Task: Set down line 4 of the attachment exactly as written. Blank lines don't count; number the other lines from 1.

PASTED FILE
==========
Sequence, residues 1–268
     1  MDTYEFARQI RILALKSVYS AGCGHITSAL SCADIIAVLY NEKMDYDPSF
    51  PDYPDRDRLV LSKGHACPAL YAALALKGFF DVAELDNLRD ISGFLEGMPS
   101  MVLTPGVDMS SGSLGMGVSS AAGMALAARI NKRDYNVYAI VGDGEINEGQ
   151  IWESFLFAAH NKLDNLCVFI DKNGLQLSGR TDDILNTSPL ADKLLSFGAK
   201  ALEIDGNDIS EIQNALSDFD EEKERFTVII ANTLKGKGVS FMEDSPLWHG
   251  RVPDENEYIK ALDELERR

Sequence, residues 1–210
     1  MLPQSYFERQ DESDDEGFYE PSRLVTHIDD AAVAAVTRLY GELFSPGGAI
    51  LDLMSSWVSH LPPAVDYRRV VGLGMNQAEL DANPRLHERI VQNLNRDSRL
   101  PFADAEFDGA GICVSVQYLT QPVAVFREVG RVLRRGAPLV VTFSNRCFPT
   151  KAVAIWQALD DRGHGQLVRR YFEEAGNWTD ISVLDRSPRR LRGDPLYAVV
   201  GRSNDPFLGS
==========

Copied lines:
   101  MVLTPGVDMS SGSLGMGVSS AAGMALAARI NKRDYNVYAI VGDGEINEGQ